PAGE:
The European Arrest Warrant alleges that between the end of 2006 and early 2007, Campbell “made arrangements, while acting in an organised terrorist group, the real Irish Republican Army (RIRA), to acquire a substantial number of firearms and explosives from Lithuania and smuggle them into Ireland”.
His brother Michael, who fell foul of a 2008 MI5 sting recording him attempting to buy explosives and guns, was found to have been a co-conspirator and spent time in a Lithuanian jail but was then released by the appeal court after his lawyers argued that he was a victim of entrapment.
I‘m too cautious to feel joy about the verdict on Liam.
I’ve known about Campbell for more than two decades and I know how relentlessly he instructs lawyers to use every technical device to evade justice — as he was ruthless in killing for his ideology of hate.
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In 2013 he had been released from four years of custody in Northern Ireland on the grounds that extradition would be a breach of his rights. But the Lithuanians clearly are angry and persistent and on their third attempt, begun in 2016 in the Republic, and after years of frustration over technical challenges, on the face of it, it looks as if this very bad man has at last exhausted every legal route and could face a long stint in a foreign jail.
We can always hope.
Since I began to write about Northern Ireland in the mid 1990s, I’ve always known which side I was on: that of innocent victims.
Later, as the criminal justice system failed the families of the dead and injured in the devastating 1998 Omagh bombs, I became part of the group seeking to launch a civil case against the bombers.
Campbell was one of those identified early on, so he’s been on my mind for more than two decades.
I’ve spent a lot of my professional life following the careers of mass murderers, but he is one of the most chilling.
Here is his first appearance in the book I would write about the case in 2009, describing what had gone on in the Real IRA after its formation in 1997 following a split in the Provisionals.
At its head was Michael McKevitt, the Provos’ ex Quartermaster General who had sat on the IRA executive with people who are now in receipt of incomes from the British state.
His wife, Bernadette Sands McKevitt, was the sister of Bobby Sands and a virulent opponent of the peace process.
“In a decision that would spell disaster for the people of Omagh,” I wrote in my book, “thirty-five-year-old Liam Campbell became Director of Operations for Northern Ireland. He was a cabinetmaker, farmer and smuggler of tobacco, alcohol and fireworks; conveniently, he lived at Faughart, right on the border in County Louth, not far from McKevitt’s home in Blackrock, a seaside village three miles from Dundalk.
“Campbell too came from an IRA background: one of his brothers had been blown up by his own landmine, another served fourteen years for terrorist offences. But Liam was more hardline than either of them; in 1983 his terrorist activities on the border had resulted in the British government taking the exceptional step of banning him from setting foot in Northern Ireland, over the road from where he lived.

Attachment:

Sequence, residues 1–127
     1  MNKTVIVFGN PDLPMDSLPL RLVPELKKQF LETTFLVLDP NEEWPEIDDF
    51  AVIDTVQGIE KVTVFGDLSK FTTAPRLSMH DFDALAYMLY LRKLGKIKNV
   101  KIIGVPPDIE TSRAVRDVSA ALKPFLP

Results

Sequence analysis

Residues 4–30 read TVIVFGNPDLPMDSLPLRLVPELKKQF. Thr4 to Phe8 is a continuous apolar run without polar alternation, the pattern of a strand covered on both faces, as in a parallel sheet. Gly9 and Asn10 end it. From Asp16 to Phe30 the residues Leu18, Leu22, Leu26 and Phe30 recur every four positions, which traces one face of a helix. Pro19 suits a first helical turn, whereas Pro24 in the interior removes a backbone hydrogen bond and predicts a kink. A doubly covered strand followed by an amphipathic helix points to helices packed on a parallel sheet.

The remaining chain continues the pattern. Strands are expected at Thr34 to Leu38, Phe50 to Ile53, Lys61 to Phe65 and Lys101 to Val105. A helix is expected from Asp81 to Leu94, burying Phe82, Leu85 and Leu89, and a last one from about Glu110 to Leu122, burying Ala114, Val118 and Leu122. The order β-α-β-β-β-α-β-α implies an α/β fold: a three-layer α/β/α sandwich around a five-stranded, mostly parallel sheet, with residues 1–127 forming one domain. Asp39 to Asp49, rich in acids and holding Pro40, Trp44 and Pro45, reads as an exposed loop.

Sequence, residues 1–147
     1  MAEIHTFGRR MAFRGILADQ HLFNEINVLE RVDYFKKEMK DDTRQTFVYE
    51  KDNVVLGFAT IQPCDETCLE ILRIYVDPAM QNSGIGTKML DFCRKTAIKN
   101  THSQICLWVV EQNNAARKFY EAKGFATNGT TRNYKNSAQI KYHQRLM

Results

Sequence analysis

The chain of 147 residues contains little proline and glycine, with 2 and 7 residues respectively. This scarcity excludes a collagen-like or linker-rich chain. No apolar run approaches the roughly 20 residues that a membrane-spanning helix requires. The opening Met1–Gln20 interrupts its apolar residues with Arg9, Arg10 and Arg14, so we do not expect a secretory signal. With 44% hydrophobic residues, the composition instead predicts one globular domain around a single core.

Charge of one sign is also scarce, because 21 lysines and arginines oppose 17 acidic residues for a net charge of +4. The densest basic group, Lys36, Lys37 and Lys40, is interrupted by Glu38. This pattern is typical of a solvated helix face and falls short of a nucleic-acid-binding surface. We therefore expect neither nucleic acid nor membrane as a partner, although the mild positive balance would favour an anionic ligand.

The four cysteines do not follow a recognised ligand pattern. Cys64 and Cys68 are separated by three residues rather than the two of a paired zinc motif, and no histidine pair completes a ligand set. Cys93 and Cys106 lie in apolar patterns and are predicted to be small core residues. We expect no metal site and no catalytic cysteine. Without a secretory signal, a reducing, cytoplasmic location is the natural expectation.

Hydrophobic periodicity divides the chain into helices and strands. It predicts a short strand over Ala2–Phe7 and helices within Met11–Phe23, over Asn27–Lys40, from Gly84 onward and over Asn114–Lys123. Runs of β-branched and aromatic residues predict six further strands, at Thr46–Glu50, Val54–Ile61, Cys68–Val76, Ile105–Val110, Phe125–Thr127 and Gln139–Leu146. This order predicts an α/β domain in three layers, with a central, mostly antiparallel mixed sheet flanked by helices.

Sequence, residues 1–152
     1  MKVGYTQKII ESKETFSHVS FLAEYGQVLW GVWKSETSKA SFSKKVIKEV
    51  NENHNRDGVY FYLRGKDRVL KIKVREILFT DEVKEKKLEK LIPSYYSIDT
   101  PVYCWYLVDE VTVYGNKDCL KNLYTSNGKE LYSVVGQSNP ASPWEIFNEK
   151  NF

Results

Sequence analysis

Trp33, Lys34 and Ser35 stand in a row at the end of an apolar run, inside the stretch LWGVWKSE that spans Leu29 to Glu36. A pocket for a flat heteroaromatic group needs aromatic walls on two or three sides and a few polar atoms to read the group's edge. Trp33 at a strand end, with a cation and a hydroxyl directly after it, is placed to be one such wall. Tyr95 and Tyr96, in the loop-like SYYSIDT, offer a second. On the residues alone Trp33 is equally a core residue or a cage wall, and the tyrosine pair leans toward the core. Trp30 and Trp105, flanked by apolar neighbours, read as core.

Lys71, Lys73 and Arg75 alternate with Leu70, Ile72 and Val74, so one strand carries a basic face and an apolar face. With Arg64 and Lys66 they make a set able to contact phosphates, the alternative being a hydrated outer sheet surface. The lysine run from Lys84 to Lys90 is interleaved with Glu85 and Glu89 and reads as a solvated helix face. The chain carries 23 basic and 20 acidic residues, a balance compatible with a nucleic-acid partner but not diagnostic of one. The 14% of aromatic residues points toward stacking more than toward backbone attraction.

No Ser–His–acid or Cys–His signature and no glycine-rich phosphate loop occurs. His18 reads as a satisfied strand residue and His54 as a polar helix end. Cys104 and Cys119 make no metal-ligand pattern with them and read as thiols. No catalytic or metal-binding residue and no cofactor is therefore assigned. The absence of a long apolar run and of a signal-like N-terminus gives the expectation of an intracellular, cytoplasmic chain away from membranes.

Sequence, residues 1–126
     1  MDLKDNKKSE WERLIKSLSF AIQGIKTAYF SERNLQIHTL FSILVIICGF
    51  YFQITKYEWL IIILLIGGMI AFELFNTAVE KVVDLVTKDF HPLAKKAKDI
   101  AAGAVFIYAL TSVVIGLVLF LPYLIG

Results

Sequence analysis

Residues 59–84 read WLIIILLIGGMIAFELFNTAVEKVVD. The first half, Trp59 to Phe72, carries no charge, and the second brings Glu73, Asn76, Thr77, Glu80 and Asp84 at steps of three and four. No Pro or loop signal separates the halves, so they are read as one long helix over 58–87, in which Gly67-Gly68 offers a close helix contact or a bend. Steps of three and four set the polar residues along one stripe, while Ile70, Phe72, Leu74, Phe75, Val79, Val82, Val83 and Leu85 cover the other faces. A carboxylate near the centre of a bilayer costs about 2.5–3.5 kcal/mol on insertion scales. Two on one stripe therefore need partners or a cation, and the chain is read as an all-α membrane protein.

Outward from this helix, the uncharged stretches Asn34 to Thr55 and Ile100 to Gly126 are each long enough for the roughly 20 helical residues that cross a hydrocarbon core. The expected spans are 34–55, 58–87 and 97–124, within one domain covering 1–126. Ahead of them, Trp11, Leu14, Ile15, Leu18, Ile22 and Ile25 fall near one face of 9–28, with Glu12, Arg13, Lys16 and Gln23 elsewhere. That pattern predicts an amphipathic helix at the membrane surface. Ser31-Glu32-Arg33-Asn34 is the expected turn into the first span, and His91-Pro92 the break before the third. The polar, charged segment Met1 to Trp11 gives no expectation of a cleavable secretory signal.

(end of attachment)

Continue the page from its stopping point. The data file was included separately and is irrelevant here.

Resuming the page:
“Campbell ignored those of his colleagues who worried that car bombs could prove counterproductive if civilians perished: the Provisionals, after all, had killed hundreds of civilians over the years and had usually got away with it.”
He had, in fact, classic markers of a psychopath: callousness, detachment and a total lack of empathy.
Apparently unbothered that the bomb had killed 29 including unborn twins, and injured more than 200 people — mostly women and children — he continued still importing weapons and organising operations.
One of five defendants in the civil case, he could not be bothered even fielding free lawyers. Intelligence sources reported his contempt of the victims taking the case: “he sits in the pub and says, ‘F*** ‘em’”.
Found liable with McKevitt and two others, he avoided paying damages by going bankrupt.
Many ex-terrorists feel guilt, have breakdowns, take to drink or religion or block out what they’ve done, but Campbell has never given any indication that he knows right from wrong or has any conception of remorse.
He is utterly uncompromising.
In jail in 2002 for other terrorist offences he fell out with McKevitt, split the Real IRA and had to be moved for safety to the INLA wing.
Campbell may have a few friends left among baddest, maddest republicans in the various prisons where he’s served some time or been held on bail, but what is it like for his wife and children to know that he has been he is a pariah even among republicans?
I doubt if Michelle O’Neill will be organising protests against his extradition.
And even Simon Coveney, so solicitous over the welfare of dissident republican prisoners in Derry, seems not to have taken an interest.
Thank you, Lithuania.
l Ruth Dudley Edwards is the author of Aftermath: the Omagh bombing and the families’ pursuit